The recent jewelry auction at Sotheby's (the Magnificent Jewels sale in New York) included one of the largest purchases of a gem in history. The 100.2-carat diamond, a Type IIa gem with an emerald cut, a D color rating, and an IF (internally flawless) grade, sold for over $22 million to an unnamed buyer. Ladies, if you find $22 million missing out of the joint bank account, guess what you are getting for your anniversary! (At least, that is what you'd better be getting.…)
Sotheby's staff referred to this gem as "the perfect diamond" and comparable to "a pool of icy water." There are only five other 100-plus carat diamonds that have ever sold at auction anywhere in the world, and this gem is the only one with the classic emerald cut. That emerald cut represents over a year's worth of preparation, planning, cutting, and polishing of the original South African 200-carat stone.
While the Sotheby's auction contained multiple seven-figure sales, only four lots sold for more than 10% of the "perfect diamond." Another IF-grade diamond brought in $3.25 million as an oval diamond ring, a 35.02-carat emerald (the Flagler Emerald) sold for $2.77 million, a multi-gem necklace (the Baron de Rothschild necklace) brought in $2.59 million, and a two-gem lot with a 6.24-carat pear-shaped diamond with a purple-pink hue and a Kashmir sapphire ring was purchased for $2.4 million.
The two-gem lot actually cost more on a per-carat basis than the perfect diamond, at $386,218 per carat for the two-gem lot versus $220,459 for the perfect diamond.
While the perfect diamond is one of the most expensive gems ever sold, it has plenty of expensive company.
- The Pink Star – This 59.6-carat pink diamond with a flawless grade sold at auction for $83.2 million in 2013, giving it the title of the most expensive single gem ever sold at an auction.
- The Princie Diamond – A relatively rare pink diamond of 34.65 carats, this diamond sold at Sotheby's for $39.3 million in 2013. The diamond is reported to be over 300 years old and came from South Central India, from the same group of mines that produced the Hope Diamond.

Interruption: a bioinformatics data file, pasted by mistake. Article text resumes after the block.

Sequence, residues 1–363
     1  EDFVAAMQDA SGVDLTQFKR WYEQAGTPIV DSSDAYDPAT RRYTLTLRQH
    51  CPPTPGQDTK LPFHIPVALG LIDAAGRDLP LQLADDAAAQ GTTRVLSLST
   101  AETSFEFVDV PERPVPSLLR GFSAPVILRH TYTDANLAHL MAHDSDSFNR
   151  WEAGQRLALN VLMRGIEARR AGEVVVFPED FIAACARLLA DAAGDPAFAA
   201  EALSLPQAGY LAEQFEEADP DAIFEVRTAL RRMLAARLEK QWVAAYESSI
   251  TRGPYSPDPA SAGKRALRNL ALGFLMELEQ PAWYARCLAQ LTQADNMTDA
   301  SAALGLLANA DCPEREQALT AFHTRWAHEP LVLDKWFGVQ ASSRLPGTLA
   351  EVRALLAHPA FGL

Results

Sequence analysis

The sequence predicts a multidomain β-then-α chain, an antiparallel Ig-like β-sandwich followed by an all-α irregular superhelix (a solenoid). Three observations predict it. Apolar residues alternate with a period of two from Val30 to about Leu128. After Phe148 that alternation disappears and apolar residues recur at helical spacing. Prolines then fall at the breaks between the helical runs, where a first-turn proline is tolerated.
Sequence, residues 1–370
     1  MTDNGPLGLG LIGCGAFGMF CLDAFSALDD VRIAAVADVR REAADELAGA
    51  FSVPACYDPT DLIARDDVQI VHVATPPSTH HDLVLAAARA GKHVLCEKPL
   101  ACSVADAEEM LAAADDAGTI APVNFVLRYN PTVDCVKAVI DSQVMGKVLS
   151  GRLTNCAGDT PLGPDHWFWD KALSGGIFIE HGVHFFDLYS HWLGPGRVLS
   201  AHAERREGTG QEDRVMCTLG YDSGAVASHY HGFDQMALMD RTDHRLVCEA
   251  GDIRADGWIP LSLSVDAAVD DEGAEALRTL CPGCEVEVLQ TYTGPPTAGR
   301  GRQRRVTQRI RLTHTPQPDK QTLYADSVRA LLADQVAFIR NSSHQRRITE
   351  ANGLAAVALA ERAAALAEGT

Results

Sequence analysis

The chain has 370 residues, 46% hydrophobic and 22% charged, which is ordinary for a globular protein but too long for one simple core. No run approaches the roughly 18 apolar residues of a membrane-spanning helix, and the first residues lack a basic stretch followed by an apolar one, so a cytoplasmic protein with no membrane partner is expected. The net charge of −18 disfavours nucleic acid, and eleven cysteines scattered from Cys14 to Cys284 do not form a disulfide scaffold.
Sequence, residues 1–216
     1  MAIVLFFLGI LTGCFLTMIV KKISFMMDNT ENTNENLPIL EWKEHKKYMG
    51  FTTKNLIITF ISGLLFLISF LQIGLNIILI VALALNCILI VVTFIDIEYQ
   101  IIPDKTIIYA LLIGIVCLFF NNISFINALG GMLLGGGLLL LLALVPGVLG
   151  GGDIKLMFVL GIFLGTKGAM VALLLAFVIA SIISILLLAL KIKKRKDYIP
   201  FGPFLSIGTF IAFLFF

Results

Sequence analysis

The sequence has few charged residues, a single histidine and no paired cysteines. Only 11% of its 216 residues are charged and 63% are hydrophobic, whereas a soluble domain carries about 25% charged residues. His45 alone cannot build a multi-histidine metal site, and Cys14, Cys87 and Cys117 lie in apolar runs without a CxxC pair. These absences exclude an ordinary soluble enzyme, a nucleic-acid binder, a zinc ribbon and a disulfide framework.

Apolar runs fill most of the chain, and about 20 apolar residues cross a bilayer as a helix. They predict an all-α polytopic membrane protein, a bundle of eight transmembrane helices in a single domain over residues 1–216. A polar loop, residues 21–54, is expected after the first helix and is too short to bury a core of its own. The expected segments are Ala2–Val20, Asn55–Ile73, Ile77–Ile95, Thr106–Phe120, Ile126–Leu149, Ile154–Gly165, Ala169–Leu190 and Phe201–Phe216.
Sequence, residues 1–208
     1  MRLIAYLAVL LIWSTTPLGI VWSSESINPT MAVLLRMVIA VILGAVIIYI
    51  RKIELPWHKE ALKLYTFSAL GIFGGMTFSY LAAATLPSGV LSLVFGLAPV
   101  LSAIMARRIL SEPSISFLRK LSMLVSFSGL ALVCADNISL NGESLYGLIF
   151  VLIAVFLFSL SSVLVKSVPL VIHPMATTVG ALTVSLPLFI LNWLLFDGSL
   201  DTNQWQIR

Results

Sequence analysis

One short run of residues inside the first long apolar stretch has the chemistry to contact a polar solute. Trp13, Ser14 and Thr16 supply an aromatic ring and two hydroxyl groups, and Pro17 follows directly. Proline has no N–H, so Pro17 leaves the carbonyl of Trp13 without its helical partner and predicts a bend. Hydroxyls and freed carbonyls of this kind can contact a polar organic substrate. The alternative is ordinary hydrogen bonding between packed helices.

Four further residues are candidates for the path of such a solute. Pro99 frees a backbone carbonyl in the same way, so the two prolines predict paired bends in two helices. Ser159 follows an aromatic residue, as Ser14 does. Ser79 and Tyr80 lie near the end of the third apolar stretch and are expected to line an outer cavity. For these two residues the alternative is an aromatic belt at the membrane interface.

- The Cora Sun-Drop Diamond – A South African 110.3-carat diamond known as the "Sun-Drop Diamond" for its yellow hue was sold for $10.9 million. The gem has the "fancy vivid yellow" rating, the highest color grade that a diamond can attain.
- The Beau Sancy – At 34.98 carats, this diamond was set into a crown during the time of King Henry IV and graced royal heads for many years before eventually winding up in a 2012 Sotheby's auction in Geneva and being purchased for $9.7 million.
- The Graff Pink – Famous jeweler Harry Winston owned this 24.78-carat pink rectangular diamond with rounded corners for many years, but it was sold to Laurence Graff in 2010 for $46.2 million, holding the title of the most expensive gem sold until the sale of the Pink Star. Graff renamed the stone (surprise!) the "Graff Pink."
- The Wittelsbach-Graff Diamond – Another Laurence Graff purchase, this 35.56-carat diamond with a gray-blue color sold for approximately $22 million in 2008 and was re-cut in 2010 to remove flaws (no pressure there).
- The "Perfect Pink" – This pink diamond ring with a rectangular cut sold in 2010 for $23.2 million at Christie's in Hong Kong.
Okay, you probably won't receive one of these gemstones on your anniversary, but be honest — even if you had tens of millions of dollars to spend, would you really want to spend it on a single gemstone?